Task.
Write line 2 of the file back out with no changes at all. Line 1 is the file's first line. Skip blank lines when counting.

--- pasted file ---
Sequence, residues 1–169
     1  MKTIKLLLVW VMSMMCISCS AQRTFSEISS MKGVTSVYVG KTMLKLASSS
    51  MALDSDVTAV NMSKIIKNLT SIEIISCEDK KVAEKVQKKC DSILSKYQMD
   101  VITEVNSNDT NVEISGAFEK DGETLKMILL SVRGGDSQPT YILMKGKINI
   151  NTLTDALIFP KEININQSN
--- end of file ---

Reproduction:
     1  MKTIKLLLVW VMSMMCISCS AQRTFSEISS MKGVTSVYVG KTMLKLASSS